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Current Research


Since 1992 I am running a project on wild Japanese macaques on Yakushima Island, Japan. Beside of heterosexual matings, self-masturbation of males frequently can be observed in this population allowing the non-invasive collection of semen samples. My main research question is how semen quality is related to male reproductive success over the life-time. Furthermore, as human sperm quality has been declining heavily in recent years for yet undefined reasons, I have developed a second main interest in detecting the ecological factors that influence annual alterations in semen quality in wild primates.



Chemical signalling in hominids

Humans are considered to be apes for which the sense of smell has lost its importance. However, is this traditional view of humans as "microsmatic" animals actually true? My research compares our own species with the other great apes (chimpanzees, bonobos, gorillas, orang-utans). GC-MS is used to identify semiochemicals that constitute body odours, and to test whether the ability for chemical signalling was actually reduced during human evolution.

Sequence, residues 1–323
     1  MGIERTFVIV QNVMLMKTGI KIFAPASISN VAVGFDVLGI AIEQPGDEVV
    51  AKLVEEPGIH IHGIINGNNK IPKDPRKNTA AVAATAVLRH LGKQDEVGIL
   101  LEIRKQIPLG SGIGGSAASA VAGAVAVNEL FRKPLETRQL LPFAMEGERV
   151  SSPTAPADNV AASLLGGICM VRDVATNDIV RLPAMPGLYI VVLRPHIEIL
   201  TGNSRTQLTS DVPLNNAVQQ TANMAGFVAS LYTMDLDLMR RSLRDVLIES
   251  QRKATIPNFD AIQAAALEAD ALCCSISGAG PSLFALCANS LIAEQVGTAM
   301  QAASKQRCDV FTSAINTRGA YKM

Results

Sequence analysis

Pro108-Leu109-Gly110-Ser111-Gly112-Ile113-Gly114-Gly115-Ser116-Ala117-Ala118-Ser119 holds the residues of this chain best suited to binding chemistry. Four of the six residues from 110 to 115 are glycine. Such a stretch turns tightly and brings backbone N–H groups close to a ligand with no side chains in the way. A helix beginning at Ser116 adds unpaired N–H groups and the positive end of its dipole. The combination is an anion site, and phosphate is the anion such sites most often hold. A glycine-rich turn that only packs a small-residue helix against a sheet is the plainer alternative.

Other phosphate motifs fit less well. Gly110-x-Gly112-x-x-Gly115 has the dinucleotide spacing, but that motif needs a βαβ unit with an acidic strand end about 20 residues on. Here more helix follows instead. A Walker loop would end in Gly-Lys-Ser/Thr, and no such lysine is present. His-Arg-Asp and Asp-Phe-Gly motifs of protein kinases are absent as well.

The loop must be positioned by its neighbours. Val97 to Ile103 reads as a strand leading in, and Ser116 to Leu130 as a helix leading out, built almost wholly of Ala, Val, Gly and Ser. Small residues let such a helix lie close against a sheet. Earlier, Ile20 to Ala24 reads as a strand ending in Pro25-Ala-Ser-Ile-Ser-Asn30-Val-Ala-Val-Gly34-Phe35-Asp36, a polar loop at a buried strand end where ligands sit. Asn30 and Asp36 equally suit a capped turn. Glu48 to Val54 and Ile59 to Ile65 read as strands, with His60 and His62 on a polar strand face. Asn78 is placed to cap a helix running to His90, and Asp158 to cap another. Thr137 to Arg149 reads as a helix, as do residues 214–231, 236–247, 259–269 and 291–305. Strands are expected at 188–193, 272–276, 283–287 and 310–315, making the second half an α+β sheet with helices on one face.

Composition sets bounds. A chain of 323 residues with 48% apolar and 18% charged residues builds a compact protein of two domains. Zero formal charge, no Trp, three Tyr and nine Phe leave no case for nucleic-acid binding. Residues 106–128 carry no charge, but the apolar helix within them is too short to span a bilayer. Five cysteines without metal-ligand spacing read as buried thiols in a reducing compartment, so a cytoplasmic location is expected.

Kin recognition via olfactory cues

Can olfactory cues allow primates to discriminate between related and non-related individuals? A prerequisite for this mechanism would be that body odour is heritable, and appears in the phenotype. If so, one would suspect that semiochemicals of related individuals are more similar. I test this possibility by comparing the body odours of paternal half-sisters and non-related females in the rhesus macaques of Cayo Santiago.


My efforts comprise the development of non-invasive semen sampling in wild primates, minimally-invasive blood sampling using distinct insects (patent 2006; DE102004004066B3) and, since recently, non-invasive odor sampling in great apes.